NY Giants rookie cornerback was an excellent outside corner in college, but he’s struggled to make the switch into the slot at the NFL level.
When the NY Giants landed cornerback Darnay Holmes in the fourth round of the 2020 NFL Draft, he was considered by many experts to be one of the biggest steals in the entire draft — and for good reason.
Coming out of high school, Holmes was a five-star recruit and rated as the 13th best player overall by Scout.com and the best cornerback in the entire country.
Although he did most of his damage as a receiver in high school (he reeled in 64 passes for 1,214 yards and 14 TD’s as a senior), Holmes played both ways and was only recruited as a cornerback.
That turned out to be the right decision as he went on to have a very productive career at UCLA, starting 33 of a possible 35 games during his three-year career with the Bruins in which he led the team in picks all three seasons.
In those 35 games, Holmes racked up 120 tackles, 8 interceptions (two of which he returned for TD’s), 17 pass defenses, and a forced fumble; he also returned a kickoff for a touchdown.
Despite probably needed another year of seasoning at the college level, Holmes decided to try his luck with the NFL Draft and slipped all the way down to the fourth round. The main reason for his slip was his height, as ‘experts’ considered him to be too small to be an effective boundary cornerback in the NFL like he played in college.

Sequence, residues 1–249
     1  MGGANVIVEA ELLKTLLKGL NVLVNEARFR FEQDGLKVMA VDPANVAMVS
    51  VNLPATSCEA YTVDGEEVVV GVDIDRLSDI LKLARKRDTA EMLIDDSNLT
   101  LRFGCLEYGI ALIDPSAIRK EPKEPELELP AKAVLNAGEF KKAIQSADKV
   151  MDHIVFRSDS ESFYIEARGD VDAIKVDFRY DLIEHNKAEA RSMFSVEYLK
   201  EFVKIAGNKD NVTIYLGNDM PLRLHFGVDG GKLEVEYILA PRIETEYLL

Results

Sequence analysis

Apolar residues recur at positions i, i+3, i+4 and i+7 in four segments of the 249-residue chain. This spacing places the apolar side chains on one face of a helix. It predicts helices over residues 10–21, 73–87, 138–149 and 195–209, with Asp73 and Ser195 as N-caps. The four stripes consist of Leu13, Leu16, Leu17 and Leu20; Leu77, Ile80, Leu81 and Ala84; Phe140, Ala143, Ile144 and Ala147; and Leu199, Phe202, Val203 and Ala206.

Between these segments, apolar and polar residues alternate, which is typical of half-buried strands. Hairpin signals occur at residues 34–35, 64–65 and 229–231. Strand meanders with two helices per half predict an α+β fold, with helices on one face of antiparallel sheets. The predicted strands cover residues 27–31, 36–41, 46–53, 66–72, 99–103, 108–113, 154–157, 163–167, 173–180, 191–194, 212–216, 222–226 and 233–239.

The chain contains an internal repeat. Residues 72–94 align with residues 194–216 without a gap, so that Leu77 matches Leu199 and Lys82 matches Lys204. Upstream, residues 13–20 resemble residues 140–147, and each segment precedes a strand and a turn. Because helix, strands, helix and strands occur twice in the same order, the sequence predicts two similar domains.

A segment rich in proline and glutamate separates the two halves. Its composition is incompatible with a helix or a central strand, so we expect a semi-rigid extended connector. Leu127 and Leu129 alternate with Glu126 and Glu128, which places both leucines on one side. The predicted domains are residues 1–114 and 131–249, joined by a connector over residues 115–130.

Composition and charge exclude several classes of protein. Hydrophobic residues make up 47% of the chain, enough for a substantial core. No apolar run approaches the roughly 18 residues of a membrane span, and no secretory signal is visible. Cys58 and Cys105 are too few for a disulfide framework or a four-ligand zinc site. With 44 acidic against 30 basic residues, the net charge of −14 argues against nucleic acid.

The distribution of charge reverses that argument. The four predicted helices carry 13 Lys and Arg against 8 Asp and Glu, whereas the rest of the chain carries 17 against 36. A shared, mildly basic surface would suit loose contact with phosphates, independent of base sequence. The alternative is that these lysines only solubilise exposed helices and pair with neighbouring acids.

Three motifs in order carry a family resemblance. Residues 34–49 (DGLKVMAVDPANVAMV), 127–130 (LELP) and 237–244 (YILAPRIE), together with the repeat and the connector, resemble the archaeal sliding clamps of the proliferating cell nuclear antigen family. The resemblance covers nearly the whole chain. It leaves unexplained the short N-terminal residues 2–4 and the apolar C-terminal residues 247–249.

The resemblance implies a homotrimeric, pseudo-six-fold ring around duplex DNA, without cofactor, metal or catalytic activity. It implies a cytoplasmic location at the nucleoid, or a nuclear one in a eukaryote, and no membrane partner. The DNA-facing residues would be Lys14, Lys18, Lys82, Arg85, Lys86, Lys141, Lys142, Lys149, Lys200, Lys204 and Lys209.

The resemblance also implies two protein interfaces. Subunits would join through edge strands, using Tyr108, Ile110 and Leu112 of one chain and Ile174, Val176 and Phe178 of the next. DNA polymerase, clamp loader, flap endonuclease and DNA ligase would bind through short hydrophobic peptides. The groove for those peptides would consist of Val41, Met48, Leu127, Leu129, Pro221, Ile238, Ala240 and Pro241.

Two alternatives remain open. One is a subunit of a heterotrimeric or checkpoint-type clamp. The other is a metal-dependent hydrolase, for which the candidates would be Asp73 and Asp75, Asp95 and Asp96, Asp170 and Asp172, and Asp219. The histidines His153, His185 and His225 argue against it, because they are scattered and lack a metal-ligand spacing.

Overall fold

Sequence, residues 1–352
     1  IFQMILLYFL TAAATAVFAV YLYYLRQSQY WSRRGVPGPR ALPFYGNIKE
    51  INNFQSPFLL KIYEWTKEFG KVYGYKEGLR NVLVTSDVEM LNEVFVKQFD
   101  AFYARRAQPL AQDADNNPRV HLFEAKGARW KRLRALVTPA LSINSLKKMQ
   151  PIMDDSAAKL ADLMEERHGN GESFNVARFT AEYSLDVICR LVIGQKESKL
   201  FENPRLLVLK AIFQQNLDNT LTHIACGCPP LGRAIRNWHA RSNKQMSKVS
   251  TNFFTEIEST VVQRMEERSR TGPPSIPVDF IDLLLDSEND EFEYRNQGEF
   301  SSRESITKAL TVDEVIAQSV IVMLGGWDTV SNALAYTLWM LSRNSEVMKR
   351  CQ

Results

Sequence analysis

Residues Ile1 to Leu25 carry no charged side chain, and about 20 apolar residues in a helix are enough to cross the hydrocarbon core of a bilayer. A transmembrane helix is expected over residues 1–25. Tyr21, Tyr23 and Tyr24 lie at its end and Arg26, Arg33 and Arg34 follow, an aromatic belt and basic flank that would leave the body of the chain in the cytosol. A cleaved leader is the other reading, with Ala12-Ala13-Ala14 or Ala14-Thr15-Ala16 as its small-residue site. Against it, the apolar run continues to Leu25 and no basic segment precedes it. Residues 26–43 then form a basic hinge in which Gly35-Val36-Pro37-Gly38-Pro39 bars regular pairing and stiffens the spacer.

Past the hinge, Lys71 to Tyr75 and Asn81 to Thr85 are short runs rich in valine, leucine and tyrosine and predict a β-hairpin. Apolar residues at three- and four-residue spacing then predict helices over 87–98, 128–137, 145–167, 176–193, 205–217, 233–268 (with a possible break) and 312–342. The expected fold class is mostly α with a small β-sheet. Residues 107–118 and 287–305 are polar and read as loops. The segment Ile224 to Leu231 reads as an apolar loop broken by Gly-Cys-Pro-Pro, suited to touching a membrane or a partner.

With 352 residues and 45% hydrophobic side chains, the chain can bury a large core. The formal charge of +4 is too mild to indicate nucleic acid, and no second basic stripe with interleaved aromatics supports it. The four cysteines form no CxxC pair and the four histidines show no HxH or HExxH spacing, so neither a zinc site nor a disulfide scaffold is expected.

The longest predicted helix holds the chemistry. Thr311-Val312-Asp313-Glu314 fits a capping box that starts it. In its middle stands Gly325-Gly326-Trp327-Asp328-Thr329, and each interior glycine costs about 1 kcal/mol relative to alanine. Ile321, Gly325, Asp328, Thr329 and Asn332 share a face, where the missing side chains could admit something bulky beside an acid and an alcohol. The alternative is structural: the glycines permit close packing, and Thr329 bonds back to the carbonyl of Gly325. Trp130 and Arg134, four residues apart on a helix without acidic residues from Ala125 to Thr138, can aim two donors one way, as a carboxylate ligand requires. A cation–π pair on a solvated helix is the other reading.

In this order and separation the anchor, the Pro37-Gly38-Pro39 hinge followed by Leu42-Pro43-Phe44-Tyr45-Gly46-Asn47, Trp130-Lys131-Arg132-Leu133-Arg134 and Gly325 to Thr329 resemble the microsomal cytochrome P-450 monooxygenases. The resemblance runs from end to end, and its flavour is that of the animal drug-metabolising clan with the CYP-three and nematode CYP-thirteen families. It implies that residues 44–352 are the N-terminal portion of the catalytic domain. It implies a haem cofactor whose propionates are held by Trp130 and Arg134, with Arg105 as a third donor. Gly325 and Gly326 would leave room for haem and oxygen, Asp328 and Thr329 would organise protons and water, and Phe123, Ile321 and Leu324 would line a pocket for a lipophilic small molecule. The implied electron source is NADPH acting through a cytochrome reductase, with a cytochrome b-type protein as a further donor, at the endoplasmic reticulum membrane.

Even though he ripped up the NFL Combine and got a heap of praise from NFL legend Deion Sanders, it wasn’t enough to justify Holmes leaving school early (although in hindsight it ended up being the right move due to COVID-19 and the state of the Pac-12 and college football).
He was projected to be a slot cornerback in the NFL despite never playing the position and the NY Giants began playing him there during training camp immediately.
Holmes was the talk of training camp, as he reportedly looked fantastic while making the transition to nickel corner, but training camp is a whole different ballgame from an NFL Sunday.
While you would think if a player can master the boundary cornerback position that they could easily slide inside and be a solid slot cornerback, that’s simply not the case as there is a lot of nuance that goes into learning the position.
The types of routes a slot defender covers are much different as well as the coverages they are asked to play.
So far during his first three games with the NY Giants, Darnay Holmes has struggled mightily adjusting to his new position in the NFL.
Pro Football Focus has given him a putrid overall grade of 32.1 and a coverage grade of just 36.7 for his play so far. Playing in about half of the team’s overall defensive snaps, Holmes has been routinely picked on, most notably in the NY Giants’ season opener against Juju Smith-Shuster and the Pittsburgh Steelers.
However, I’m not mad at Holmes in the least bit as he is a 22-year-old rookie that had no preseason experience. The coaching staff has simply not put him in a position to succeed, consistentely lining him up in 1-1 coverage with no help over the top.